Health professionals that have patients (such as pharmacists) are ideally placed to observe and record the efficacy for medicines.
All else should confine their criticisms to their evidence of the actual evidence published.
If there are holes in it then share that evidence with the rest of the world.
Otherwise, do not be in such a hurry to criticise professions that have good experience and judgement to make a good choice on behalf of their patients, simply because good evidence has not caught up with reality.

read more
open full screen

Laropiprant is the Bad One; Niacin is/was/will always be the Good One

Staff Writer

Orthomolecular Medicine News Service, July 25, 2014
Laropiprant is the Bad One; Niacin is/was/will always be the Good One
by W. Todd Penberthy, PhD

(OMNS July 25, 2014) Niacin has been used for over 60 years in tens of thousands of patients with tremendously favorable therapeutic benefit (Carlson 2005).
In the first-person NY Times best seller, "8 Weeks to a Cure for Cholesterol," the author describes his journey from being a walking heart attack time bomb to a becoming a healthy individual.
He hails high-dose niacin as the one treatment that did more to correct his poor lipid profile than any other (Kowalski 2001).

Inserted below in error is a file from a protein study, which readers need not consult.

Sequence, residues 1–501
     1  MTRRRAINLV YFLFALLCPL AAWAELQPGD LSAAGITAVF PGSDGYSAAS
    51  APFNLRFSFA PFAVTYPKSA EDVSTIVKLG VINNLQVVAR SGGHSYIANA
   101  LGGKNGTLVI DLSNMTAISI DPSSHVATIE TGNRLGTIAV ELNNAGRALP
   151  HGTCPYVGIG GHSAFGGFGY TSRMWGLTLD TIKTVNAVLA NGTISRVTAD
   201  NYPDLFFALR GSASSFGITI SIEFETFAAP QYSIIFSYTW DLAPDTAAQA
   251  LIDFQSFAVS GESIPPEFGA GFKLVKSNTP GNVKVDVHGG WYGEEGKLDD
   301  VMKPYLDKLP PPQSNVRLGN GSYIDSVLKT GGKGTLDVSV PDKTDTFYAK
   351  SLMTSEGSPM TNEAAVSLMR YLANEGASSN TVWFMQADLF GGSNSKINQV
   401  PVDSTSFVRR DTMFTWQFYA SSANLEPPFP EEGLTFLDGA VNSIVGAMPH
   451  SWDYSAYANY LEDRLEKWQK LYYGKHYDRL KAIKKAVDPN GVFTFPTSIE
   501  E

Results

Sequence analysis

read more
open full screen

Culture Drive & Pharmacy Renewal

Neil Johnston

Deep within all of us we have a core set of values and beliefs that create the standards of behaviour that we align with when we set a particular direction in life.
Directions may change many times over a lifetime, but with life experiences and maturity values may increase in number or gain greater depth.
All of this is embraced under one word – “culture”.
When a business is born it will only develop if it has a sound culture, and the values that comprise that culture are initially inherent in the business founder.
A sound business culture equates to a successful business and that success is often expressed in the term “goodwill” which can be eventually translated to a dollar value.

read more
open full screen

ReWalk™ Personal Exoskeleton System Cleared by FDA for Home Use

Staff Writer

Exoskeleton leader ReWalk Robotics announced today that the U.S. Food and Drug Administration has cleared the company’s ReWalk Personal System for use at home and in the community.
ReWalk is a wearable robotic exoskeleton that provides powered hip and knee motion to enable individuals with Spinal Cord Injury (SCI) to stand upright and walk.
ReWalk, the only exoskeleton with FDA clearance via clinical studies and extensive performance testing for personal use, is now available throughout the United States.

read more
open full screen